In communities where individuals spend a third or more of their income on rent, rates of homelessness are likely to accelerate, according to new research funded by real estate listings database Zillow.
The study validates what has long been a rule of thumb among real estate professionals—the idea that generally speaking, people shouldn’t spend more than a third of their income on rent. That idea is based on the assumption that wages and salaries go up at roughly the same rate as rents—but in many places, that is no longer the case.
Median rent in the U.S. has risen 11% in the past five years, just as homelessness rates have also continued to climb. The study, conducted by (z) Zillow Research, is an attempt to quantify the size, as well as identify some of the root causes, of the nation’s homelessness crisis.
The study examines federal statistics, such as the U.S. Department of Housing and Urban Development (HUD) estimate that more than 546,000 Americans experienced homelessness in 2017. But a Zillow researcher and several of his colleagues put those figures higher at just over 660,000, believing that the scale of the nationwide homelessness epidemic has been estimated 20% lower than it actually is.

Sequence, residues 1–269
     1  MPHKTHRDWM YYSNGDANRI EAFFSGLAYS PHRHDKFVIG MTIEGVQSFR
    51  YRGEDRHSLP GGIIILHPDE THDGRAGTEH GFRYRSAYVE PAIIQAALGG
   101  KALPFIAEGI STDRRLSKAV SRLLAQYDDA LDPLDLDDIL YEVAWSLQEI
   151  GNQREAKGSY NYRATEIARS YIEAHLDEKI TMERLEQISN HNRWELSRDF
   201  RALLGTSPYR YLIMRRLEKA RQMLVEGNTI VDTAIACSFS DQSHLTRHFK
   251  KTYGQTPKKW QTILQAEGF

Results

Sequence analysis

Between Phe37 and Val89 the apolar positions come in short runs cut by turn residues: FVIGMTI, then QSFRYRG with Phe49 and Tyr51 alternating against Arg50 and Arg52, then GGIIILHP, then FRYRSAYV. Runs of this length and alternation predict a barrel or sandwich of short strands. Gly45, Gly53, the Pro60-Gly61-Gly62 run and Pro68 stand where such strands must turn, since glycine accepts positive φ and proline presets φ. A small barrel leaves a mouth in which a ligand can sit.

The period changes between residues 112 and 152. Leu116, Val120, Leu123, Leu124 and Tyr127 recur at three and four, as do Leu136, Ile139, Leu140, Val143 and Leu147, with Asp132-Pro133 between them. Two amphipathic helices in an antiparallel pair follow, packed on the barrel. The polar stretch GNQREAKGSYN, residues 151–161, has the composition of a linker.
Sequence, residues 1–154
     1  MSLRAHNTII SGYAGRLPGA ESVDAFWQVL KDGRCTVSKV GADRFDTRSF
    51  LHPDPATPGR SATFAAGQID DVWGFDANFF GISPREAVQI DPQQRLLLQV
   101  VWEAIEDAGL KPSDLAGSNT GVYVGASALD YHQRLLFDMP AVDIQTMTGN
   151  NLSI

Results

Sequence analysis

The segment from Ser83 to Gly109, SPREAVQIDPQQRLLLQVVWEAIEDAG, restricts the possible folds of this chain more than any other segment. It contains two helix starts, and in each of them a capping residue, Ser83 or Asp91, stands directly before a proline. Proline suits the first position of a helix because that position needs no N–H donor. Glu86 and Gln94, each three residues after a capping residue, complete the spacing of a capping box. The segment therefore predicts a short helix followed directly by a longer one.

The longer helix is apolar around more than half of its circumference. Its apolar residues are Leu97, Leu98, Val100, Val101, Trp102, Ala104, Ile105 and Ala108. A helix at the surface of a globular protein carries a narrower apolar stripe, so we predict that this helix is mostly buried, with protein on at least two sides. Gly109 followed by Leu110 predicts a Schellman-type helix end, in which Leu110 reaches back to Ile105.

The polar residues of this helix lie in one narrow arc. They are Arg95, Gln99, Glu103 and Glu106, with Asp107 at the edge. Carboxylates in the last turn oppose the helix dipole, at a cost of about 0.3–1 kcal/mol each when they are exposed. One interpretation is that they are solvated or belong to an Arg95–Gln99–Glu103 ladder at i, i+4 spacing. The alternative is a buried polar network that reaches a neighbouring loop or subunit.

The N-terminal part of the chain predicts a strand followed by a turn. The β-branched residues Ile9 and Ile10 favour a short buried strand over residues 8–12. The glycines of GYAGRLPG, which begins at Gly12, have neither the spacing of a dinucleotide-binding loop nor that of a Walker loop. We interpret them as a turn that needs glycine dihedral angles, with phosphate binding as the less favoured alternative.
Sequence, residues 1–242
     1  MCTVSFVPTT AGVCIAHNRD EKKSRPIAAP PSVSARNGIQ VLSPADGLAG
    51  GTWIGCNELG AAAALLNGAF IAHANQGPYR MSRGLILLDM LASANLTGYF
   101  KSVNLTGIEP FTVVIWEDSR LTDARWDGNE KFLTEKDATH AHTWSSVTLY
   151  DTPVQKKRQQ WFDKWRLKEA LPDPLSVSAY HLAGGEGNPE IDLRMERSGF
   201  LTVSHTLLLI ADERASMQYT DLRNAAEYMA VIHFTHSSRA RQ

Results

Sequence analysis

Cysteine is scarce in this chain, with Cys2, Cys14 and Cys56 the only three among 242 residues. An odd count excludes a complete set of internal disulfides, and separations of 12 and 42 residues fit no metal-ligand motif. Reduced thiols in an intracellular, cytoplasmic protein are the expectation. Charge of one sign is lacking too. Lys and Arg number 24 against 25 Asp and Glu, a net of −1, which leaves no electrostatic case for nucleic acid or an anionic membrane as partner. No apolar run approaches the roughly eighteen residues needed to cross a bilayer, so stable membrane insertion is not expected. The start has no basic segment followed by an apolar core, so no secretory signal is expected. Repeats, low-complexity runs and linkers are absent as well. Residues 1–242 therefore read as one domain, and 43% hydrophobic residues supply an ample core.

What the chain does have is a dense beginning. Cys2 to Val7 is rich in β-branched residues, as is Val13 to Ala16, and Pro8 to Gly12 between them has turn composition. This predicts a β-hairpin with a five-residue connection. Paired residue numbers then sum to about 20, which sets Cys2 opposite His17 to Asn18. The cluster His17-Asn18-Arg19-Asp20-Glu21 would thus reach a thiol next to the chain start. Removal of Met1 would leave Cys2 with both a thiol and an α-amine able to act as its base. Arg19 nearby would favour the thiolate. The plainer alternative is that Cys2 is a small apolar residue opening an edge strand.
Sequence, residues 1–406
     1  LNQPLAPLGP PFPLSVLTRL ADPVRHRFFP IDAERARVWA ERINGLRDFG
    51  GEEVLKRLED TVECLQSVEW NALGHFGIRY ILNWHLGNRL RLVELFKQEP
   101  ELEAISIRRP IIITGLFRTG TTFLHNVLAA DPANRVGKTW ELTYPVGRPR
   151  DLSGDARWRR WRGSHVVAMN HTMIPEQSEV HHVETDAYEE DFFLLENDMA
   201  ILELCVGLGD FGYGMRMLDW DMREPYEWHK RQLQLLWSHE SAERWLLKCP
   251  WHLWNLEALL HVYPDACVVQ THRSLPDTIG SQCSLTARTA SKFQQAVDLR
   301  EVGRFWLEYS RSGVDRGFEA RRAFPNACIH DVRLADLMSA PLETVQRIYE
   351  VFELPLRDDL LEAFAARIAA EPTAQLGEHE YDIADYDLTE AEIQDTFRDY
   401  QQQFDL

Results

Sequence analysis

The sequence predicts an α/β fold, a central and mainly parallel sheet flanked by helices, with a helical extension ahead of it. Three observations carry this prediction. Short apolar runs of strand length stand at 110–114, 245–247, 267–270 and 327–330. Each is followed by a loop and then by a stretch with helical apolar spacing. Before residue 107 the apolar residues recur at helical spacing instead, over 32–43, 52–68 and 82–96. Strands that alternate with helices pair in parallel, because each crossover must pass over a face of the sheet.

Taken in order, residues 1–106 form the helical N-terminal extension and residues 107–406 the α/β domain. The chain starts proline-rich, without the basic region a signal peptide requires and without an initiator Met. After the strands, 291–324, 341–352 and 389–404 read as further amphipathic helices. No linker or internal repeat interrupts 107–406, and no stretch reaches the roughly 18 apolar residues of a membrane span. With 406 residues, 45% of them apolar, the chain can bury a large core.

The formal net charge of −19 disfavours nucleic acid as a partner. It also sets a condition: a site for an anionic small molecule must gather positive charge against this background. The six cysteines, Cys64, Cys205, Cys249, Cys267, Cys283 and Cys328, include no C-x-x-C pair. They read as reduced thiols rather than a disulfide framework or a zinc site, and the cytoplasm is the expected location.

The study identified two rent burden thresholds—22% and 32%—which can affect homelessness in a particular community. When rent affordability rises more than 22%, more people in a community experience homelessness. When the rent burden rises more than 32%, the overall rate of homelessness is likely to rise much faster in a particular area. To put it simply, even a modest rent increase can push many people to the brink, and very quickly, those individual hardships can add up to a community-wide crisis. The clusters of people most at risk for becoming homeless live in Boston, New York, Los Angeles, and Seattle, cities with a combined 15% of the U.S. population.
This type of data can be useful to local legislators and policymakers tasked with expanding and funding programs that offer assistance to residents struggling with a disproportionate rent burden. The rent burden already exceeds the 32% threshold in 100 of the 386 markets included in the study.